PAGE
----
It was probably this comparatively unsuccessful season that prompted Eldridge to re-form his old Isotta-Fraschini. He was intrigued by really big cars, and is thought to have had a hand in the building of the 21-litre Maybach-engined Metallurgique owned today by Douglas Fitzpatrick. So perhaps it was no surprise to Eldridge’s friends when he got to work in the Vauxhall Bridge Road, lengthening the chassis of his 1907 Isotta so that he could install therein a 20½-litre six-cylinder Maybach airship engine. The work was carried out by Aeromotors Ltd., a firm formed, circa 1921, for the purpose of supplying engines for marine, stationary, lorry and automotive purposes, which offered to undertake marine installations if engines were supplied, and which had for sale war-surplus aero-engines of from 20 to 200 h.p., such as Djinn, Wolseley, Viper, Hispano, B.M.W., Buick, Green, Maybach, Sunbeam and Amazon, costing upwards of £75 each. Motor Sport readers of some standing will know that confusion exists as to how greatly the Maybach engine installed in the Isotta was modified and quite what type it was, and whether, in fact, Eldridge owned Aeromotors or had separate premises elsewhere in the Vauxhall Bridge Road (see issue dated September. 1965).
What is indisputable is that a big Maybach engine, No. M73, was installed in the Isotta and, subject to any evidence to the contrary, I would describe it as a normal 1910/11 Type AZ of 160 x 170 mm. (20,500 c.c.) with four valves per cylinder in T-head formation, to which two Claudel Hobson carburetters replaced the carburetters fitted at each end of the inlet manifold on the original engine, the pistons of which were re-balanced and fitted with floating gudgeon-pins and tie-plates inserted between the separate cylinders in an endeavour to obviate leaking water joints; possibly the water inlet and outlet feed to the cylinders were re-arranged. These engines developed 180 b.h.p. at 1,200 r.p.m. in standard form. There is no doubt about Eldridge having taken the right decision. Apart from the fact that we do not know how much more useful life remained in the 15-year-old racing engine which had been removed from the car by 1922, it was essential to lap at well in excess of 100 m.p.h. to obtain the maximum of excitement and a decent chance of success in the “Lightning” races at Brooklands. This the pre-war aviation motor in its pre-war chassis, of which the chain-final drive, with bigger sprockets, was well suited to the new power plant, enabled Eldridge to do—indeed, eventually the Isotta lapped faster than Count Zborowski’s “Chitty-Bang-Bang 1” with its overhead valve Maybach engine of some 2½-litre greater capacity.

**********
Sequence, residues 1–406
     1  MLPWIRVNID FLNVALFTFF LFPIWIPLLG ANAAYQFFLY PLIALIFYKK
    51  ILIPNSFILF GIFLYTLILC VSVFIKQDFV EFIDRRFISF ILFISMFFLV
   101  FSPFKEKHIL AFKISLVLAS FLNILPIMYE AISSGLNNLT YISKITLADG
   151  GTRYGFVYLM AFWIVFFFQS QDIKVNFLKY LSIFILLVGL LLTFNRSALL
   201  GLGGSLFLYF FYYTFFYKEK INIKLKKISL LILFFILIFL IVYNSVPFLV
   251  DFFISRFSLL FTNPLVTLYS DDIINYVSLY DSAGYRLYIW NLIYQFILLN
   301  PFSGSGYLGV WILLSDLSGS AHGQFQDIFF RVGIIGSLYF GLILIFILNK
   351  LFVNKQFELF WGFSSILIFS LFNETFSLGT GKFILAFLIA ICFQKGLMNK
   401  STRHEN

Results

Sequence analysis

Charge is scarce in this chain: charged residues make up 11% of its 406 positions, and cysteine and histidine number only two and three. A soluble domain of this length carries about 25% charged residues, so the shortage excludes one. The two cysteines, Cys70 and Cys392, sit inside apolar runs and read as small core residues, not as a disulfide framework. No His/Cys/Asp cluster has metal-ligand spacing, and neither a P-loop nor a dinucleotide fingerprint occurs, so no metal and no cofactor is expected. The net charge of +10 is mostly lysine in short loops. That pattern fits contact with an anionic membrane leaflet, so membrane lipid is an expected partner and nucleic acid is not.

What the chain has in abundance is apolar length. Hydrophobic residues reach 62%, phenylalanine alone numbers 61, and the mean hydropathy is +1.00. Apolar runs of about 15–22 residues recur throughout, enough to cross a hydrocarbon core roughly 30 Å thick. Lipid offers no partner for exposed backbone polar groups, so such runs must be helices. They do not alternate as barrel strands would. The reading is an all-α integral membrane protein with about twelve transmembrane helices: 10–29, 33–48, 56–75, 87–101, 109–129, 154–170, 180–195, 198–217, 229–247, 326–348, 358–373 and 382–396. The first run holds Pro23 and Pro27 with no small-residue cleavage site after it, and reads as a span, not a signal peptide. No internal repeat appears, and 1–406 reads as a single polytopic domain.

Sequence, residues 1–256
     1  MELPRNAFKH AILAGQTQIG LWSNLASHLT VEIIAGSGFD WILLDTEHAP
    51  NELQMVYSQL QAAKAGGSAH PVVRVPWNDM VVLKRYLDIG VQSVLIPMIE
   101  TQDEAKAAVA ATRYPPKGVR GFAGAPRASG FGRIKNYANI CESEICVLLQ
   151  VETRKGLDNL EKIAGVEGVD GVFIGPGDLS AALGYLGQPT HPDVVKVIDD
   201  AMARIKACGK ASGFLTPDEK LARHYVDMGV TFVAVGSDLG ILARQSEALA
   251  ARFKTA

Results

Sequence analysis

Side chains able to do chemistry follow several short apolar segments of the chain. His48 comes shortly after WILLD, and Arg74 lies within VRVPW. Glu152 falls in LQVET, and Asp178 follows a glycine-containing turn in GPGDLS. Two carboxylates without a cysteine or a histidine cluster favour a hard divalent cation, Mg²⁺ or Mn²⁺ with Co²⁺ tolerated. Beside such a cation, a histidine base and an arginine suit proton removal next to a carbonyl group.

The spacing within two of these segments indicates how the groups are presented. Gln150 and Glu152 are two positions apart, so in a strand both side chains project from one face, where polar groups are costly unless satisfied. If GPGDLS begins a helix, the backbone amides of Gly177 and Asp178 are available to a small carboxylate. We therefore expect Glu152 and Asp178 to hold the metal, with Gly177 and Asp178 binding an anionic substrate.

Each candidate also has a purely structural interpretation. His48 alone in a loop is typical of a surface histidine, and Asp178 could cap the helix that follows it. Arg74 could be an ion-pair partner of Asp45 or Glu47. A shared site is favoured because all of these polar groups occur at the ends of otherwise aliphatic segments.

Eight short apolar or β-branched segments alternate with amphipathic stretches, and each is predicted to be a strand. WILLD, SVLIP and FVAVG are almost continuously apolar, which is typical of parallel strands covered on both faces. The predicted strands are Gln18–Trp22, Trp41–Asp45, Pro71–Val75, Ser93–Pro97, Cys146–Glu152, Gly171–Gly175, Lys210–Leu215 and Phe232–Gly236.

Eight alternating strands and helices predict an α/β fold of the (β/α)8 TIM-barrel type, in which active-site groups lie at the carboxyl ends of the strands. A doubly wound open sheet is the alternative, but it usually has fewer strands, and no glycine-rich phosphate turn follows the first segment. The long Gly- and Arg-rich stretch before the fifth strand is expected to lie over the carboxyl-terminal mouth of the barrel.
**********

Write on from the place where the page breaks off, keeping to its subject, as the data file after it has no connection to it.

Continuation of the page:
Aided by his mechanic Jim Ames, Eldridge completed the conversion, after which the car was taken to Jarvis of Wimbledon to be fitted with a new black two-seater short-tailed racing body. Shields protruding from the o/s of the bonnet enabled the carburetter intakes to remain in still air, as in modern theory, the dumbirons were exposed, brake and gear levers were well raked backwards, outside the cockpit, but the occupants were permitted the luxury of aero-screens. The car was entered for the Brooklands Easter Meeting of 1922 as an Isotta-Fraschini.
Its first appearance was in the Lightning Long Handicap, Eldridge perhaps finding that he needed some distance to work up to full speed—was it not Kent Karslake who observed that old engines were not much good until they were warm but lost power if they got too hot, so were at their best when they were just nicely warm?—for he had not entered for the “Lightning Short.” Of the five cars billed to contest this race the 350 h.p. V12 Sunbeam and the 1912 Lorraine-Dietrich shed tyre treads and Zborowski’s 5-litre Ballot, of which much was expected, non-started. So in its first race the Isotta-Maybach, lapping at 82.53, 101.43, 101.02 and 100.82 m.p.h., won, at 95.25 m.p.h., from Cook’s fast Vauxhall, which it caught on the final lap. An hour and a half after this satisfactory debut the car was out again, for the “100 Long.” But it had already earned a stiff handicap, so Eldridge contented himself with lapping at 87.94, 92.94 and 92.59 m.p.h. and was out of the picture. Incidentally, the Isotta’s “new” engine was started by turning it over with a crow-bar inserted into a kind of box-spanner or sleeve which engaged a pin on the nose of the crankshaft and was supported at the front by the dumbirons crossbar, which, even in 1922, was described as “quite reminiscent of the old days.” On its first appearance The Motor had called the revised car an “Isotta-Benz-Maybach, or whatever its full title may be” but for the Brooklands May Meeting Eldridge still continued to register it as an Isotta-Fraschini. This time it was entered for the Lightning Short Handicap and although it was going faster than before, lapping at 90.63 and 104.19 m.p.h., it was unplaced. It then failed to get to the start of the “100 Long” but made up for this by winning the Lightning Long Handicap at 102.67 m.p.h., from Zborowski’s Ballot, which entailed lapping at 90.63, 109.7, 108.03 and 105.29 m.p.h. Incidentally, crash hats were not much in evidence in those days and both occupants of the Isotta were bareheaded.